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Flummery is, in general, a type of pudding that originated in the United Kingdom (UK) hundreds of years ago and exists to this day in a number of different forms. Often made using cornstarch as a thickener, the dish can use a variety of ingredients, though fresh berries, cream, and oatmeal are quite common. It was once regarded as a very special treat, though eventually it came to be ridiculed as a bland and less satisfying dessert than others made available through newer cooking techniques. Flummery is typically about as flavorful as the ingredients used to create it, and can range from a boring flan to a much more lively and unique pudding.
Many traditional recipes for flummery call for oatmeal to be used as both a thickener and a filler ingredient. Similar in many ways to how oatmeal can be used in ground meat dishes like meatloaf and meatballs, the oatmeal is an inexpensive way to make the dish larger to feed more people. This, however, typically does not introduce much flavor to the dish, and many modern recipes for flummery will drop oatmeal completely in favor of more flavorful methods of preparation.
One popular form of Irish flummery keeps the oatmeal in the dish, but adds enough other ingredients to keep the final product from being anything resembling bland. Heavy cream is whipped until soft peaks form, at which point it is combined with toasted almond slices and oatmeal, warmed honey, lemon juice, berries such as raspberries or blueberries, and Irish whiskey. The resulting flummery is soft, creamy, and just about exploding with flavor.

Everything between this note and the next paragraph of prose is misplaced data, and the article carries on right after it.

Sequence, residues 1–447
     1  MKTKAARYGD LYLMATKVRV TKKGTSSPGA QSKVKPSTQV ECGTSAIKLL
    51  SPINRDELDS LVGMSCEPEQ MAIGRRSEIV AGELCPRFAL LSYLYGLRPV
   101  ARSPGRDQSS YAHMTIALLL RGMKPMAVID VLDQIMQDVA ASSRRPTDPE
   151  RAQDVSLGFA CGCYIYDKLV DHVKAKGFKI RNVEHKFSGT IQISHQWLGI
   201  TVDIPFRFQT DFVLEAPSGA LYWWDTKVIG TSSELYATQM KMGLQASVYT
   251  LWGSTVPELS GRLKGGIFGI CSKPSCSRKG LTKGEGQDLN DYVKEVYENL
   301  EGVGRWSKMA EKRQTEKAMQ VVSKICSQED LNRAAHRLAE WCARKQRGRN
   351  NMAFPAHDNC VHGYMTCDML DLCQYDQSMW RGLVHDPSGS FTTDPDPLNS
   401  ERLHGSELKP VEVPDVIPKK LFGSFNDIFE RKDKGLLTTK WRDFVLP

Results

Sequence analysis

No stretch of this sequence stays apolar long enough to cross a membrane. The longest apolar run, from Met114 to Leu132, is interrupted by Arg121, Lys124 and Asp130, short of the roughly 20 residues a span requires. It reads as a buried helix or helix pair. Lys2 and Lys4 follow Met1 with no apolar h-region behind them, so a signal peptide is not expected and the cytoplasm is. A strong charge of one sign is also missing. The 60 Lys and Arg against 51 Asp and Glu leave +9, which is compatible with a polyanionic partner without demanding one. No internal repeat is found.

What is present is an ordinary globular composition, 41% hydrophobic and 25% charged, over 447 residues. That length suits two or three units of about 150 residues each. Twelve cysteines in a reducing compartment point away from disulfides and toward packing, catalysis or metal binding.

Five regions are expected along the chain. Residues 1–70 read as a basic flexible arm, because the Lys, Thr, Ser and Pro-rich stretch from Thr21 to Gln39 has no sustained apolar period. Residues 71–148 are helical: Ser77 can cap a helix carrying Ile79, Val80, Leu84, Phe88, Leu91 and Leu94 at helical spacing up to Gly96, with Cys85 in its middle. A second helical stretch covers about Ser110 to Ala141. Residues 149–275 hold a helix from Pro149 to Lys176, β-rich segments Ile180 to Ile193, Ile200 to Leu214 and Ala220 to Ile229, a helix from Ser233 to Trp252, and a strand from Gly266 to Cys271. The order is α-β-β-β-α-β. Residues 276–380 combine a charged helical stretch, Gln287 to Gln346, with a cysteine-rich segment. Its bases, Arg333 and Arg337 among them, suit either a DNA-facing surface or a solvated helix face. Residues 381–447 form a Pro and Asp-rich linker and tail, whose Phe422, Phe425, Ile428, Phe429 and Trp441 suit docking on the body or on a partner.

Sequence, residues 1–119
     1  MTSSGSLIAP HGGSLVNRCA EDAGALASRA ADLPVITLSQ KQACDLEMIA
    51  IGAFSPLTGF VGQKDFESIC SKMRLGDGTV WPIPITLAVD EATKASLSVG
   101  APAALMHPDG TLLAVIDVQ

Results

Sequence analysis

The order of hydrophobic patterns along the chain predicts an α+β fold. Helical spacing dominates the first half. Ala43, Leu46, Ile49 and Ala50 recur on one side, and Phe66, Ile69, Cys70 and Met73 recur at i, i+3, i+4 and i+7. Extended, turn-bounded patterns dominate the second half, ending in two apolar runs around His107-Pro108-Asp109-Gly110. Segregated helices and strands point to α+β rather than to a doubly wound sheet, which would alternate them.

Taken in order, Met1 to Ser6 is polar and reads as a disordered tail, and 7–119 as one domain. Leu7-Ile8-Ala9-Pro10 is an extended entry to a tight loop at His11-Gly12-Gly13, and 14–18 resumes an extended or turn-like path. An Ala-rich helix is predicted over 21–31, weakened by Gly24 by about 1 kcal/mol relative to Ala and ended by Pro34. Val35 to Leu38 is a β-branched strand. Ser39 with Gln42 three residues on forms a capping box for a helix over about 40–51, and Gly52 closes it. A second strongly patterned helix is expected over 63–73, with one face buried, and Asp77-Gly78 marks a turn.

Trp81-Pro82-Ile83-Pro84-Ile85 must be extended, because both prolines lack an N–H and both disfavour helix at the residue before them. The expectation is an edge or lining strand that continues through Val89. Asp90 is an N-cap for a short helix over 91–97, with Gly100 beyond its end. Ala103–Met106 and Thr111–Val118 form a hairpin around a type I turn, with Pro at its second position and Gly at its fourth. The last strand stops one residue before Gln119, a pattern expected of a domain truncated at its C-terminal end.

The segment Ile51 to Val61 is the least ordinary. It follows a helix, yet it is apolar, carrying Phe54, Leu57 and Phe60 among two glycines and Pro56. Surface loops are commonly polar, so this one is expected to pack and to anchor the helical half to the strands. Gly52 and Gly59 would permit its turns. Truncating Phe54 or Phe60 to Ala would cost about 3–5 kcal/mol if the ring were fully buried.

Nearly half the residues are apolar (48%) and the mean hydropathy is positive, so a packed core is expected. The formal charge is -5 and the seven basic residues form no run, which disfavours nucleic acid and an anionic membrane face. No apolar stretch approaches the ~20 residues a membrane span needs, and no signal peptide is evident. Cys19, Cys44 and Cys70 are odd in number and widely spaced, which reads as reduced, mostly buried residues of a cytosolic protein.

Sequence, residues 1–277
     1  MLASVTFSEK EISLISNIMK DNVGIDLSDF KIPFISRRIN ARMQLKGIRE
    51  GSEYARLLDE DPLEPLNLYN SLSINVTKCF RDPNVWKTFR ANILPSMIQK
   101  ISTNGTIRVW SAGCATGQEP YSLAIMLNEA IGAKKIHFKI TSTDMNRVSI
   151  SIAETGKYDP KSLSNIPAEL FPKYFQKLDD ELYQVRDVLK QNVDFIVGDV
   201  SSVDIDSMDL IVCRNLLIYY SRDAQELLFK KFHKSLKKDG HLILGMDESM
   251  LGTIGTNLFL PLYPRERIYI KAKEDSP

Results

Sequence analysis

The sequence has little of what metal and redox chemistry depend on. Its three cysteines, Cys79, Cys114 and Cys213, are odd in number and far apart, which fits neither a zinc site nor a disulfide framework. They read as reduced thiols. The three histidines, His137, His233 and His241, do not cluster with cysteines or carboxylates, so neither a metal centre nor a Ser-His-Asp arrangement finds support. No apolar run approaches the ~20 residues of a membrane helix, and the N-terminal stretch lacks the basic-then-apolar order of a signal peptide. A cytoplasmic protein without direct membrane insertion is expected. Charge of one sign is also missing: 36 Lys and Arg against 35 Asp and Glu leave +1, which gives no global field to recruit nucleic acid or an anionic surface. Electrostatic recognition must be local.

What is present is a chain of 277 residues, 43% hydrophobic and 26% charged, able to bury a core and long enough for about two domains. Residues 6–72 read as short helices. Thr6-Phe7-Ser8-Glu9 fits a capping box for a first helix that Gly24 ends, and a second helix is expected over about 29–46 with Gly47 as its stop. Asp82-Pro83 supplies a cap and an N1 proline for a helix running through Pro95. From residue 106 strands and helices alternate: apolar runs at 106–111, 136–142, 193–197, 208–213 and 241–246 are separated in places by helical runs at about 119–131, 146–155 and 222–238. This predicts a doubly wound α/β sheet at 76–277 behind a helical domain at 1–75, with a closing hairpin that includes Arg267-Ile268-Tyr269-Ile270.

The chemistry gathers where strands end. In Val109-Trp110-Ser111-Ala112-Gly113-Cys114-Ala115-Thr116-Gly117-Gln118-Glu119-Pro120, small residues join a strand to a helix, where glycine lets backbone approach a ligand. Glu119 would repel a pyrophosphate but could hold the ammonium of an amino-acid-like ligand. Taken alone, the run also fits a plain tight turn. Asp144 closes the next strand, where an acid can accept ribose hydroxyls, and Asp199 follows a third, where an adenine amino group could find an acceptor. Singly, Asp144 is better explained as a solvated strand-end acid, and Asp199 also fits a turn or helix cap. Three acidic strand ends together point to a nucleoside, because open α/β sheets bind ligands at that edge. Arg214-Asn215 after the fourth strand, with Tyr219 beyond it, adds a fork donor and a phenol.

A simple flummery can be made by combining gelatin, cream, and sugar. Flavored gelatin can be used to add a bit of flavor or unflavored gelatin can be used with vanilla. The gelatin is prepared with boiling water and then allowed to cool before being mixed with cream. This combination is blended until soft and slightly airy, before being allowed to cool for several hours to thicken properly. Fresh berries can also be added to create a simple yet flavorful dessert.
Flummery has also come to be used as a term of derision outside of culinary contexts. Due to the tendency of early versions to be mostly oatmeal and cream, with little other flavor or texture, the dish was often devoid of much real content. The name was extended beyond the realm of cuisine and is often used to describe something that is absent of meaning or generally insipid.